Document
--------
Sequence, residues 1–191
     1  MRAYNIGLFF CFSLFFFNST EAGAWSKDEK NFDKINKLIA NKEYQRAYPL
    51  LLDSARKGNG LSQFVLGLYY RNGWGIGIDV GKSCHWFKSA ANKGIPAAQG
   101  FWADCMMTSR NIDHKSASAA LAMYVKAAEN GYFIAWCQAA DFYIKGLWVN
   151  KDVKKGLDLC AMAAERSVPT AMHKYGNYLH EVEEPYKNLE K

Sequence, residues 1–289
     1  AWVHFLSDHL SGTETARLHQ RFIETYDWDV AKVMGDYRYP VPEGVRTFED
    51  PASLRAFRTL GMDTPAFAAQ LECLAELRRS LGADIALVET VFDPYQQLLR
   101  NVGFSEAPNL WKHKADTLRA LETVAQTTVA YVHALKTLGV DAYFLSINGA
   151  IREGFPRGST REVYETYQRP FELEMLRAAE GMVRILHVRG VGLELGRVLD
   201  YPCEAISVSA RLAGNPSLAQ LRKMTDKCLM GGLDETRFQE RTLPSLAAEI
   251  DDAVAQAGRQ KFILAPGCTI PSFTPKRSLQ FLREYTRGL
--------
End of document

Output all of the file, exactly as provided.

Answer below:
Sequence, residues 1–191
     1  MRAYNIGLFF CFSLFFFNST EAGAWSKDEK NFDKINKLIA NKEYQRAYPL
    51  LLDSARKGNG LSQFVLGLYY RNGWGIGIDV GKSCHWFKSA ANKGIPAAQG
   101  FWADCMMTSR NIDHKSASAA LAMYVKAAEN GYFIAWCQAA DFYIKGLWVN
   151  KDVKKGLDLC AMAAERSVPT AMHKYGNYLH EVEEPYKNLE K

Sequence, residues 1–289
     1  AWVHFLSDHL SGTETARLHQ RFIETYDWDV AKVMGDYRYP VPEGVRTFED
    51  PASLRAFRTL GMDTPAFAAQ LECLAELRRS LGADIALVET VFDPYQQLLR
   101  NVGFSEAPNL WKHKADTLRA LETVAQTTVA YVHALKTLGV DAYFLSINGA
   151  IREGFPRGST REVYETYQRP FELEMLRAAE GMVRILHVRG VGLELGRVLD
   201  YPCEAISVSA RLAGNPSLAQ LRKMTDKCLM GGLDETRFQE RTLPSLAAEI
   251  DDAVAQAGRQ KFILAPGCTI PSFTPKRSLQ FLREYTRGL